3answers
173 views

Why did Einstein took speed of light unit or constant in his equation of relativity?

We can find that no object can have speed more than light from Einstein's equation of relativity because if anything have speed more than light then we get -ve value within square root. But why did ...
0
votes
2answers
383 views

How to achieve speeds faster than light? [duplicate]

So, I heard that all speed is relative. And that nothing can travel faster than light. Then I guess it is OK for a spaceship to leave Earth at 0.6c constant speed. And what if an other spaceship were ...
0
votes
1answer
101 views

Does a black hole really slow down time?

When an object gets pulled into a black hole it seems to slow and stop, but could it be possibly be because the speed of light that hit the object and came back was slowing down as the object got ...
0
votes
1answer
79 views

What would happen if space were considered a medium?

Space is not empty they say, is it a new idea or has it always been like that? Can you explain what is the (current) real meaning of vacuum, which is just the Latin for empty Can you also explain ...
0
votes
1answer
44 views

Speed of light in vacuum in special relativity

In special relativity, the speed of visible light is defined as a constant. But visible light is only a small part of the electromagnetism field. So why?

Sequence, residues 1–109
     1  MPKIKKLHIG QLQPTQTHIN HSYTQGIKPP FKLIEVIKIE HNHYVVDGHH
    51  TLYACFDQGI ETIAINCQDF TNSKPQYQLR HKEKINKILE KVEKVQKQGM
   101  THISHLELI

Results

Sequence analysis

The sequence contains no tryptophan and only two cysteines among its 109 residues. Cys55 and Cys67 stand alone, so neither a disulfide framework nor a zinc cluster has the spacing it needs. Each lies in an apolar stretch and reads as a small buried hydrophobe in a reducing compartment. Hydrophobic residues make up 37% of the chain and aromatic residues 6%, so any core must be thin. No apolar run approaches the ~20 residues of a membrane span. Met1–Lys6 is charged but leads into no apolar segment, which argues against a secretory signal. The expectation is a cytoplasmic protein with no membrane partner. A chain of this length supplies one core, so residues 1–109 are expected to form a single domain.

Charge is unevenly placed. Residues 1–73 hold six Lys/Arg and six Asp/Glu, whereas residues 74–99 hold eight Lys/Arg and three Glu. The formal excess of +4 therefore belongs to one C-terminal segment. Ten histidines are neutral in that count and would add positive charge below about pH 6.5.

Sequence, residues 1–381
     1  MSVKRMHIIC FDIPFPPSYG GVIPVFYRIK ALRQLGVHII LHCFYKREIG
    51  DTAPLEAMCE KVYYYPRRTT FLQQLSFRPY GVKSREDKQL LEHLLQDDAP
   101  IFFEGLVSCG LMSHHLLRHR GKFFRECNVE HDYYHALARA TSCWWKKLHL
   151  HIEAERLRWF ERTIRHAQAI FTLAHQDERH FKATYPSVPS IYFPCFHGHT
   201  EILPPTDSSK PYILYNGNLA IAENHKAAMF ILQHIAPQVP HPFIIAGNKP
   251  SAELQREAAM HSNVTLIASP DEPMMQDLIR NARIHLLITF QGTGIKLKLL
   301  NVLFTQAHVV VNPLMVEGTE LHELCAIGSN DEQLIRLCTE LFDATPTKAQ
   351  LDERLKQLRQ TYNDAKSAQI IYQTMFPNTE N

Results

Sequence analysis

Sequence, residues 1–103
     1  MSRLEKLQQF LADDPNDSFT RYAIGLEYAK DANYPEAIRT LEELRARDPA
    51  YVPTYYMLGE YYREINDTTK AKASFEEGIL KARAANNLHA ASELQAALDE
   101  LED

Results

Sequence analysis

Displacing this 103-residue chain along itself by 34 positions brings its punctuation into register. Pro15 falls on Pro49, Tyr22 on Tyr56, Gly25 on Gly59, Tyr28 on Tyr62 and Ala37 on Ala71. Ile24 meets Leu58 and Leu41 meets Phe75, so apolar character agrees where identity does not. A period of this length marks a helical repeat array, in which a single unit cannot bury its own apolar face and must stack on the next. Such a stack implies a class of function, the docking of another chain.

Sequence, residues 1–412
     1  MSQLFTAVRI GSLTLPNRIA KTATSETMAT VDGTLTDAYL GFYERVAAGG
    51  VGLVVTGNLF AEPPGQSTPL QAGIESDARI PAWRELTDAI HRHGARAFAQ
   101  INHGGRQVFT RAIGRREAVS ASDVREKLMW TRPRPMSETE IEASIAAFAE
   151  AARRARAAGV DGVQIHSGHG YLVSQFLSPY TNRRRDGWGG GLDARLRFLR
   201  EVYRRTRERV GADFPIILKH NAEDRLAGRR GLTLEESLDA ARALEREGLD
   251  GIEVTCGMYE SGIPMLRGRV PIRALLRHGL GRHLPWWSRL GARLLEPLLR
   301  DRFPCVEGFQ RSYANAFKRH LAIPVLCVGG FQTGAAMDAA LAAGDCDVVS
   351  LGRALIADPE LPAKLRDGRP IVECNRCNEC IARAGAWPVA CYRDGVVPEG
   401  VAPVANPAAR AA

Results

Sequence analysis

-2
votes
1answer
66 views

Can information be sent faster than speed of light [duplicate]

I just had this idea one day and I decided upon a thought experiment to verify it. Imagine 2 people A & B sitting on two sides of a pipe which is stretched to a length of 3x10^8 m. The pipe is ...
1
vote
1answer
52 views

Stacked motors thought experiment

first of all, I'm not a mathematician, just curious about something that came up to my mind and maybe you can help me out. Scenario: I have a motor that spins let's say at 20K revolutions per minutes....
4
votes
2answers
296 views

Is there a limit to how hot an object can get?

If heat is the measure of how fast the atoms are moving in an object, than isn't there a limit to how hot that object can get as nothing can go as faster than the speed of light. So because the atoms ...
0
votes
1answer
135 views

Maximum wavelength of a photon/electromagnetic radiation?

This asked; What is the minimum wavelength of electromagnetic radiation? And also this; What is the maximum possible frequency and wavelength? The second question is contradictory; maximum ...
0
votes
1answer
32 views

Incomprehensible substance: information traveling faster than light? [duplicate]

Say I'm holding a rod composed of an incomprehensible solid, and this solid rod is 1 light second long. Then say I poke you with the rod and at the same time I flash a light on you. If light is the ...
0
votes
1answer
53 views

Does slowing light violate relativity?

Last year Scottish scientists managed to slow down photons in vacuum by changing their shape. Does this violate the special theory of relativity?
22
votes
3answers
5k views

How can muons travel faster than light through ice?

When a neutrino traveling through ice hits and interacts with an oxygen atom, muons are created. Cherenkov radiation can be created when muons travel through ice faster than light and create a ...
-5
votes
4answers
211 views

Could the Heisenberg uncertainty principle be derived from the speed of light limit? [closed]

Background: As I was thinking about an alternative approach to the question: "why is there a finite speed of light, and why its magnitude corresponds to c?" –ultimately, I was trying to understand ...